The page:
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MOVIE REVIEW

'Beerfest' is dregs of summer comedies

Making a comedy that celebrates binge drinking and cretinous behavior isn't a crime against nature. Making one that's as brutally unfunny as ``Beerfest" is.

The new movie has all the comic sparkle of a keg that's been left out in the sun; it's recommended only to those who really need to see a dirndl-clad Cloris Leachman stroke a bratwurst. If you find window-rattling beer belches a riot, too, you're in.

``Beerfest" is the fourth feature from Broken Lizard (``Super Troopers," ``Club Dread"), the comedy troupe that came together in the 1990s at Colgate University's Beta Theta Pi. That's fitting, since the group's brand of farce suggests a frat skit with a bigger budget.

The five members -- Jay Chandrasekhar (who directs), Kevin Heffernan, Steve Lemme, Paul Soter, and Erik Stolhanske -- are enthusiastic, but there isn't a natural comedian in the bunch. Chandrasekhar comes closest and it seems like he'd do anything for a laugh, but give your buddies a camera and a case of frosties and you'd probably do just as well.

``Beerfest" follows the misadventures of the Wolfhouse brothers, Tod (Stolhanske) and Jan (Soter), who travel from Colorado to Munich after the death of their beloved grandpapa (Donald Sutherland, getting three laughs, his paycheck, and leaving). They want to return his ashes to the biergarten from whence he came; instead, they stumble upon a secret beer-drinking Olympics hosted by nasty Baron Von Wulfhausen (Jurgen Prochnow), who tells them that grandpa was a whoreson stableboy who stole the family's prized beer recipe and fled to America.

Humiliated by the baron's handpicked team of snotty Bavarians, the Wolfhouses retreat across the pond and field their own team of chuggers . Landfill (Heffernan, a bargain-bin Belushi) is the belly of steel; Finklestein (Lemme) the nerd scientist and strategist; Barry (Chandrasekhar) the ex- beerpong whiz fallen on hard times and turning tricks under a bridge.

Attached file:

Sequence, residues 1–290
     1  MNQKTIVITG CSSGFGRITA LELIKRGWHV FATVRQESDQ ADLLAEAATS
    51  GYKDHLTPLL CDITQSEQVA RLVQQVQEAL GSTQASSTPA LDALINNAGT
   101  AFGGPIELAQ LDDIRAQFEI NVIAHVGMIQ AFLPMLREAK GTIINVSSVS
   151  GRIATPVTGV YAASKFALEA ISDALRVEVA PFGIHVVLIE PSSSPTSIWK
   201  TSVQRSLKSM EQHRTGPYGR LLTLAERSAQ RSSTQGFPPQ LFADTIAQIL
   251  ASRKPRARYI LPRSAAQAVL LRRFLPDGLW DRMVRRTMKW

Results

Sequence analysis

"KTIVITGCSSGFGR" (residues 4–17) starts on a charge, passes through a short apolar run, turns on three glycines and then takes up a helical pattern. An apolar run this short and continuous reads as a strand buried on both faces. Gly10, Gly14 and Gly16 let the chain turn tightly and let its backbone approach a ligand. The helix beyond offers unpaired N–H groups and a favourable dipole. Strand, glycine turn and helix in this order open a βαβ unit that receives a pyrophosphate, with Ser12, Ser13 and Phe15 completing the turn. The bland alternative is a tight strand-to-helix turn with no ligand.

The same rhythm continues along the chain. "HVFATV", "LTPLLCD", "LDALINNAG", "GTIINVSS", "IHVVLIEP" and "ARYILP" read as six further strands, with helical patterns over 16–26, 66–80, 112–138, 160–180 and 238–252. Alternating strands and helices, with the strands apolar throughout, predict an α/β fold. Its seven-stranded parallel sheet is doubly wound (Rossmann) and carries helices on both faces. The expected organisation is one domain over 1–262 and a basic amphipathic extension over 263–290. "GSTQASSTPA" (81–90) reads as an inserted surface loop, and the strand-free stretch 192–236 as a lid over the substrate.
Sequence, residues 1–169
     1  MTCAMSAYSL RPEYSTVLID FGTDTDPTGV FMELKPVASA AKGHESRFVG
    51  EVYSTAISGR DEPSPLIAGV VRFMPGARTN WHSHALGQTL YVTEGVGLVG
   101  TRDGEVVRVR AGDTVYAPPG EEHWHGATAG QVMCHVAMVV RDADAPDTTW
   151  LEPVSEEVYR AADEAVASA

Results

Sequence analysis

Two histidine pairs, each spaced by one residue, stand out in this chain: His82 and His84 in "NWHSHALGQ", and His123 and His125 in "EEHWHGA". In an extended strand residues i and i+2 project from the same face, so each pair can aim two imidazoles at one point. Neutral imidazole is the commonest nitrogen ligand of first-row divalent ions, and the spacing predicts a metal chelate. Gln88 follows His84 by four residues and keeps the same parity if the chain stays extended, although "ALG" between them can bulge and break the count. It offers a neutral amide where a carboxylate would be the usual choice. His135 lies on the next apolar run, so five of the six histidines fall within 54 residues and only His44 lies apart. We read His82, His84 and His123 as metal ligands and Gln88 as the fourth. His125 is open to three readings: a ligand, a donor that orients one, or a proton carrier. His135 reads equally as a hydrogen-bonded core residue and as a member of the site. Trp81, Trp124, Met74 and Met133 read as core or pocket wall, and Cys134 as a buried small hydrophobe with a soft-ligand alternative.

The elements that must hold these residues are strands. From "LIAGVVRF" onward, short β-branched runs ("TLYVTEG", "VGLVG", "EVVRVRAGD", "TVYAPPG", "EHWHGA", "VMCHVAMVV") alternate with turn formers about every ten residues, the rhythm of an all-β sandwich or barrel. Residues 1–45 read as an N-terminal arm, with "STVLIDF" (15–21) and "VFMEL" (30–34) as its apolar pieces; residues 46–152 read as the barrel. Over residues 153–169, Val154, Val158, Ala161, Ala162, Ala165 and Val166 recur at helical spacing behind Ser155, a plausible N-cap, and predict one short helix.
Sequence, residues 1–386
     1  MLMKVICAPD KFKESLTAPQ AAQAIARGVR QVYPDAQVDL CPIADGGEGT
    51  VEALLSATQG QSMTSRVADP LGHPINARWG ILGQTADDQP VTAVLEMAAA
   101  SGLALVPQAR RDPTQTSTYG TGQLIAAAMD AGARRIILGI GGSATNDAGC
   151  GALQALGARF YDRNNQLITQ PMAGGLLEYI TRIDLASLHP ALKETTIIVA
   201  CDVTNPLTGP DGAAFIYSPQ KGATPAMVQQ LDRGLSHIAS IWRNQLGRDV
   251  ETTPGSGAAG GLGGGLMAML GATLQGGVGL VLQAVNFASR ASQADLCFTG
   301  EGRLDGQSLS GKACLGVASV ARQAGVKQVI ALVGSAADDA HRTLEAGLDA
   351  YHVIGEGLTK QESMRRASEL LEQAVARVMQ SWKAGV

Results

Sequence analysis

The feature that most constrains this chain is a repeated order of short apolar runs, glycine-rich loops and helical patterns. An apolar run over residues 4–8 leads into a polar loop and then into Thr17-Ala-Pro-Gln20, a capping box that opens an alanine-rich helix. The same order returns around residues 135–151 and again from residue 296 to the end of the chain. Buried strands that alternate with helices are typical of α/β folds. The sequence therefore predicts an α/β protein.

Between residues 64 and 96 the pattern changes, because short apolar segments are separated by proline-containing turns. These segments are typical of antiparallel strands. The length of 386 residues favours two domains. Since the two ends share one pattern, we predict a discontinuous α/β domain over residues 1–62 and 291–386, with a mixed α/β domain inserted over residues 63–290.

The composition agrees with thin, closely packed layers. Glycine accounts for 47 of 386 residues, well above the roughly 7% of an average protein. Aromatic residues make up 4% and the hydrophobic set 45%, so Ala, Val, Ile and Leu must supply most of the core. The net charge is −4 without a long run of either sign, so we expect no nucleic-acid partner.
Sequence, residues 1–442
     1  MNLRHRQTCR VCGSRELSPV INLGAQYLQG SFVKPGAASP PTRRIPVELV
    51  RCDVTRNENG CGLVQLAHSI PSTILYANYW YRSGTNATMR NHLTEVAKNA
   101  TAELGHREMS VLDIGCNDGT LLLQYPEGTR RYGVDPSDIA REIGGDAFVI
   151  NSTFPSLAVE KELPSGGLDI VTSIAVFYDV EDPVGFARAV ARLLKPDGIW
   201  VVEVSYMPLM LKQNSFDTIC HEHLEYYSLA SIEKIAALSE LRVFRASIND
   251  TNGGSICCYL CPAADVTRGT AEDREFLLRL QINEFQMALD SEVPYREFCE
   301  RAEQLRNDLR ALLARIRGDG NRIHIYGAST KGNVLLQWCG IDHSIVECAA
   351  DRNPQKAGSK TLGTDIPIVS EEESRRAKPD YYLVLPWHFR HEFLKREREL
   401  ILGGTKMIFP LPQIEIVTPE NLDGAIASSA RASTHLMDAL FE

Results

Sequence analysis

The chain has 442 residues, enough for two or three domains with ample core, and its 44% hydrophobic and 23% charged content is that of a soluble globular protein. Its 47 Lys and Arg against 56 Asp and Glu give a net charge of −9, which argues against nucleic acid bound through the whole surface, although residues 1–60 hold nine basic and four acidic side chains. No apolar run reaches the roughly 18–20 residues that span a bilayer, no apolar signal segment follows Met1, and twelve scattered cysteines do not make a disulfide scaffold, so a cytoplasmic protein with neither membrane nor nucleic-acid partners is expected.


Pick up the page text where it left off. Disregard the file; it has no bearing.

The cast is rounded out by Leachman as the brothers' great-grandmother and Mo'Nique as her sass-tastic caregiver Cherry, neither of whom is what she initially seems. A sex scene between Barry and Cherry offers the Broken Lizard approach in a nutshell: nubile fantasy breasts, gross-out gags, and embarrassment all around. At least the frog-masturbation sequence has decent comic timing.

The climactic face-off at the biergarten has a few giggles, too, but more for the baroque ridiculousness of the drinking games on display: the Bat-Spin, the Monkey Chug, Thumper. (If all these ring a bell, then guess what? You're an alcoholic.) One of the Bavarian meanies is played by Will Forte of ``Saturday Night Live" and the movie shares that show's lame-duck idea of comedy: noisy, repetitive shtick and a belief that referring to party-hearty hedonism is the same as being creatively funny about it.

It's not, but it flatters the complacency of the film's target audience and upholds the time-honored collegiate notion that getting hammered is an act of rebellion. A big hangover awaits these folks; for the rest of us in the audience, the hangover is now.

Ty Burr can be reached at tburr@globe.com.

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